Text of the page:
By December 30, 2015 Read More →

Sales of natural gas vehicles expected to exceed 35 Million from 2015 to 2025

The majority of natural gas vehicles will run on compressed natural gas, report finds


Natural Gas Semi Truck

Compressed natural gas vehicles are stuck in the classic chicken and egg dilemma: Transportation companies won’t buy CNG trucks without more refueling stations, but a much higher population of CNG trucks is required to justify investing in the refueling stations.

Despite this impediment to wider adoption of CNG for medium and heavy-duty vehicles, CNG infrastructure and vehicle sales are slowly expanding. For instance, American Energy News reported in March about Texas enjoying a 25 per cent annual increase in the number of natural gas refueling stations.

A recent report from Navigant Research analyzes the market for natural gas refueling infrastructure and the factors expected to influence its deployment, including global market forecasts segmented by fuel type, station type, and region, through 2025.

Natural gas is an attractive alternative to diesel for medium and heavy duty vehicle sales in meeting regulatory standards and an appealing option for reducing operating costs and carbon emissions in many automotive applications.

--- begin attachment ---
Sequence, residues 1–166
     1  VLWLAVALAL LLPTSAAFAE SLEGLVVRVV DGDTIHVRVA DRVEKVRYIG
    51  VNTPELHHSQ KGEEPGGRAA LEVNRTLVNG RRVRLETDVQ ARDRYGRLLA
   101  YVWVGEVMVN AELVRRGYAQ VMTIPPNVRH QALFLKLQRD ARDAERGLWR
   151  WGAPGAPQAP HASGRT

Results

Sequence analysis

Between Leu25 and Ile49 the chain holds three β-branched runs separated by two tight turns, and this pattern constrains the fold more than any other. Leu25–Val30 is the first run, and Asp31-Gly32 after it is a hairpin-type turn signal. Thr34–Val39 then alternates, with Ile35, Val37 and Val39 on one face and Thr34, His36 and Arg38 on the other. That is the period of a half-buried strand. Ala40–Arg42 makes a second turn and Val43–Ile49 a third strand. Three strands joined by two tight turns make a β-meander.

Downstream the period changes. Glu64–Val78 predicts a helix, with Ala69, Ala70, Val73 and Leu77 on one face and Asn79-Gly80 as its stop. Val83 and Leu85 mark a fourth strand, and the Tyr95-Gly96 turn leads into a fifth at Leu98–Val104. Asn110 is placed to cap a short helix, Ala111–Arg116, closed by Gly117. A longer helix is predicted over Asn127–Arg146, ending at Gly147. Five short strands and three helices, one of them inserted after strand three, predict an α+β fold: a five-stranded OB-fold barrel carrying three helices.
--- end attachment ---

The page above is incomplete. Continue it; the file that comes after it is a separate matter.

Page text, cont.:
However, natural gas can only be used where refueling infrastructure is widely available, and the current density of refueling options are tied mostly to government incentive programs.

“For NG to reach its full potential as a transport fuel, easy access to refueling stations and a large population of NGVs are required,” said Sam Abuelsamid, senior research analyst with Navigant Research.


Sam Abuelsamid, senior research analyst with Navigant Research

The majority of natural gas vehicles use compressed NG (CNG) as opposed to the liquid form of the fuel, according to the report.

Despite its lower energy density compared to liquid natural gas (LNG), CNG is generally considered the superior option for NGVs that are operating within a limited range where extended driving range is not required; LNG also requires extra processing procedures, driving up the overall price of the fuel.

“Without a critical mass of vehicles in need of NG fuel, station operators are unwilling to invest in equipment—and without easy access to stations, retail customers won’t commit to purchasing NGVs,” said Abuelsamid.

The report, Natural Gas Refueling Infrastructure, examines the key factors expected to influence the deployment of NGV refueling infrastructure, including economic growth, fuel prices, NGV sales, equipment costs, and regulations.

The study provides an analysis of how all of these sales factors are projected to affect station operators, equipment suppliers, and gas suppliers. Global market forecasts, segmented by fuel (CNG and LNG), type of station (public vs. private), and region, extend through 2025.

The report also examines the significant technical issues related to NGV refueling infrastructure, as well as the competitive landscape.

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